ChE 4800/5800 Biochemical Engineering (Spring 2017)

Time: MWF 12:55 PM to 1:50 PM

Classroom: ARC 212
Instructor: Tingyue Gu (

TA: Roy Jia (
Office: Stocker 167B, Office Phone: 593-1499
Office Hours: Drop in when I am in my office

Optional textbook
Bioprocess Engineering by Michael L. Shuler and Fikret Kargi, Prentice Hall, Englewood Cliffs, 2nd Edition, 2002. (If you have the 1st edition, use it. You may also share a textbook among your classmates. It is easy to borrow the textbook from OhioLink.)

Reference books
1. Biochemistry by J. M. Berg et al., 6th Edition, W. H. Freeman & Co., San Francisco, 2006.
2. James E. Bailey and David F. Ollis, Biochemical Engineering Fundamentals, McGraw Hill, New York, 1986.
3.  Harvey W. Blanch and Douglas S. Clark, Biochemical Engineering, Marcel Dekker, New York, 1996.
4.  Raul J. Cano and Jaime S. Colome, Microbiology, West Publishing Co., St. Paul, 1986 (or other similar and newer books).

Homework Assignments and Handouts are here.  If any file has a password, it will be 1234. Blackboard is used only for grades. E-mail submission must receive a reply as receipt from instructor. Otherwise, lost submission will be your problem.

Final grade
The weights are 20% homework, 10% lab project, 10% term paper, 30% midterm and 30% final exam. An overall of 91% will guarantee an A, and 80% B, and 70% C, and 60% D. Excuses for missing an exam must be accepted before it happens. Missing too many lectures will lead to a lower grade. Exams are closed-book. Grades are posted on Blackboard. It is your responsibility to inform the instructor of any error in grading before it is too late. 


Brief syllabus
Weeks 1 - 2:  Basics of biology 
Weeks 2 - 3:  Enzyme kinetics 

Week 4: Biomass utilization and bioenergy
Week 5:  Genetics and cell metabolism 
Week 6: Major metabolic pathways 

Weeks 7 - 8: Cell growth kinetics  (Midterm right before Spring Break)

Week 8: Stoichiometry of cell growth and product formation (1 class).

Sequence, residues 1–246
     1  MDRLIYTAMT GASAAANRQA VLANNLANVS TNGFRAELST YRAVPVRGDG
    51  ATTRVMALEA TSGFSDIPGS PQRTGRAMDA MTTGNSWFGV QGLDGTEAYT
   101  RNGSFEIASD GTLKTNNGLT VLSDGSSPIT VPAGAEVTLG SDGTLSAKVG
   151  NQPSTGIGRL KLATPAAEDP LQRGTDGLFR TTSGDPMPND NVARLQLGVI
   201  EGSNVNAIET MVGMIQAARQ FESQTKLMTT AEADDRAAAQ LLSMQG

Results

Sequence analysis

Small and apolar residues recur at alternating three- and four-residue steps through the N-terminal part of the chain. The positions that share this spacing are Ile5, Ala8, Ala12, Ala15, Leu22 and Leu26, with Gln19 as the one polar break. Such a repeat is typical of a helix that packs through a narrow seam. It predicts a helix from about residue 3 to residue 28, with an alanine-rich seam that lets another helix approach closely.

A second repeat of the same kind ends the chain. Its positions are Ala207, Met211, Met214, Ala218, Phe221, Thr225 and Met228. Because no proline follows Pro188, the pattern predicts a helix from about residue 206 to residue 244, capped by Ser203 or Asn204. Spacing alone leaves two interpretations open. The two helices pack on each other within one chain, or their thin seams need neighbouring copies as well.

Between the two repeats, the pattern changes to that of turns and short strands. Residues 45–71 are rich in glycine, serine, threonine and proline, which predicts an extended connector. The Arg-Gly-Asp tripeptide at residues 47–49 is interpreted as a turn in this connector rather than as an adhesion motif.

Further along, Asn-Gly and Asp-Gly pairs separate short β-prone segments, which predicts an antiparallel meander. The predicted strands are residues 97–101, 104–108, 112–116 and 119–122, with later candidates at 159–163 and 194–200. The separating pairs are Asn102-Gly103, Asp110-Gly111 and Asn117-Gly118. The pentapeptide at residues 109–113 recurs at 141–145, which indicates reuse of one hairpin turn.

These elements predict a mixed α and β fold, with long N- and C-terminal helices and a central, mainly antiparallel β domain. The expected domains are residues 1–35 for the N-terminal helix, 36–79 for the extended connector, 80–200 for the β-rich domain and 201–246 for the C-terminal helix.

Week 9: Recombinant DNA technology. Start lab experiment.
Weeks 10 - 11:  Batch culture and chemostat 
Week 12: Reactor control and scale-up
Week 13: Sterilization 
Weeks 13-15: Bioseparations 

Guidelines for homework and term paper   
Homework must be handed in at the beginning of the class. In your homework solutions, you must use PC for plots. You must attach your original plots. Penalties will be given for missing units. Homework must be stapled before submission. Details are required. Late submissions incur a penalty of 20% per day with a 10% minimum. The term paper must be typed and spell-checked. The length is 10-15 double-spaced pages for graduate students and 7-10 for undergraduates. A typical term paper is much like a literature review paper with a focused subject. A good term paper should have page numbers and section titles. It should be an in-depth technical review based mostly on journal papers rather than web sites. If you think your paper could have been written by a journalist or a high school student (rather than an engineer), it likely lacks the needed technical depth. A term paper citing a few web sites is inadequate. Second-hand citing must be avoided. Read and cite the original paper. Your paper will be graded based on organization, understanding and interpretation of the state of the art, technical depth, language, and literature coverage. Detailed format guidelines will be discussed in class. The paper is due at the beginning of the first class in the week just before the finals week. You must submit the term paper via Blackboard. It will be scanned by TurnItIn software for plagiarism. The lab project report is due at the beginning of the final exam. Hard copy or soft copy can be submitted. 


Attendance policy

Attendance is mandatory. Classroom discussion details may be tested in exams. Missing a class requires a good excuse.

Policy on plagiarism
You may discuss homework problems with your classmates. However, plagiarism is strictly prohibited according to relevant OU regulations. Cheatings on assignments, quizzes and exams may result in a grade of F in the course. University Judiciaries may impose additional sanctions. For more information please check out the section entitled "Academic Misconduct" in the Ohio University Student Handbook.  Students may appeal academic sanctions through the grade appeal process.